These benign lesions tend to be asymptomatic and painless.7 Although the patient in this report had painful scrotal mass for 2 months, he said that he had had painless scrotal mass for 6 years. In the literature, patients with 10-, 20-, or even 30-year histories before surgical excision have been described.5 Tumor markers of testicular cancer were normal in our case and other cases in the literature.5–8

    Ultrasound scan can provide useful information in the diagnosis of scrotal mass. However, it is difficult to reliably identify malignant scrotal mass on the basis of sonographic features alone.9,10 Radical orchiectomy may be required, because preoperative and intra-operative findings could not be helpful in excluding malignancy.8 However, frozen section is helpful to discriminate malignancy from benign lesion to prevent unnecessary orchiectomy.

    In conclusion, to our knowledge, only a few cases of scrotal leiomyoma have been reported in the literature so far. Although this is a benign lesion, it mimics malignancy because of solid components on the basis of ultrasonography. Long-term history and normal tumor markers are essential characteristics to distinguish benign tumors from malignancy; however, definitive diagnosis is established by pathologic evaluation.

    References

    1. Barton JH, Davis CJ Jr, Sesterhenn IA, Mostofi FK. Smooth muscle hyperplasia of the testicular adnexa clinically mimicking neoplasia: clinicopathologic study of sixteen cases. Am J Surg Pathol. 1999;23:903-909.
    2. Kato Y, Hori J, Taniguchi N, Hashimoto H, Kaneko S, Yachiku S. Solitary genital leiomyoma of the tunica dartos: a case report and review of the literature in Japan. Hinyokika Kiyo. 2005;51:699-701.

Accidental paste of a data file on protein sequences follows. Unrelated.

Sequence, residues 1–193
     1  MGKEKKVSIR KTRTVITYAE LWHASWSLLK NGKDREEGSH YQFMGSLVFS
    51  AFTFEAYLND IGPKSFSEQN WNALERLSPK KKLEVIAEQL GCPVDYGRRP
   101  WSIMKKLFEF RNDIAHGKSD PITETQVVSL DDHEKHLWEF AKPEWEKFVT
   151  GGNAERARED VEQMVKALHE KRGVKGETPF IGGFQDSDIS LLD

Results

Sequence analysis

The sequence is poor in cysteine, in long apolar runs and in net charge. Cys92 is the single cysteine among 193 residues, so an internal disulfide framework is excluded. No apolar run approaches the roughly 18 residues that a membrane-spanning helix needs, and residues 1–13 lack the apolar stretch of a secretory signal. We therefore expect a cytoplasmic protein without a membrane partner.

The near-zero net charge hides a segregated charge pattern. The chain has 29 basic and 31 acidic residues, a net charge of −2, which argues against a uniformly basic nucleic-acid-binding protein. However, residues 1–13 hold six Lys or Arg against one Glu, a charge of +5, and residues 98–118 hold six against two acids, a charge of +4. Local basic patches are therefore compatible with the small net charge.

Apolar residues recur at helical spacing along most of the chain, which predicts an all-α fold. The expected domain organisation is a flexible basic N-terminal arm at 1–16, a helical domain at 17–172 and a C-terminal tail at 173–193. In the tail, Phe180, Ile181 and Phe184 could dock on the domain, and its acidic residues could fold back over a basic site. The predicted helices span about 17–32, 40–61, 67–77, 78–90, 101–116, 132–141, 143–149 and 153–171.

3. Cabello Benavente R, López Martínez-Bernal B, Verdú Tartajo F, Monzó JI, Castaño González I, Moralejo Gárate M, et al. Giant bizarre scrotal leiomyoma. Arch Esp Urol. 2004;57:847-851.
    4. Kim NR, Sung CO, Han J. Bizarre leiomyoma of the scrotum. J Korean Med Sci. 2003;18:452-454.
    5. Yeh HC, Wu WJ, Lee YC, Chang TH, Huang CH, Li CC. Leiomyoma of the epididymis: a case report. Kaohsiung J Med Sci. 2006;22:519-523.
    6. Ghei M, Arun B, Maraj BH, Miller RA, Nathan S. Case report: angioleiomyoma of the spermatic cord: a rare scrotal mass. Int Urol Nephrol. 2005;37:731-732.
    7. Masood J, Voulgaris S, Atkinson P, Carr TW. A rare symplastic or bizarre leiomyoma of the scrotum: a case report and review of the literature. Cases J. 2008;9:381.
    8. Minami M, Inoue W, Uchida M. Leiomyoma of the scrotum: a case report. Hinyokika Kiyo. 1999;45:207-209.
    9. Hertzberg BS, Kliewer MA, Hertzberg MA, Distell BM. Epididymal leiomyoma: sonographic features. J Ultrasound Med. 1996;15:797-799.
    10. Leonhardt WC, Gooding GA. Sonography of epididymal leiomyoma. Urology. 1993;41:262-264.
    Keywords:

    Angioleiomyoma; Angiomyoma; Leiomyoma; Scrotal; Tumor

    © 2011 by Lippincott Williams & Wilkins, Inc.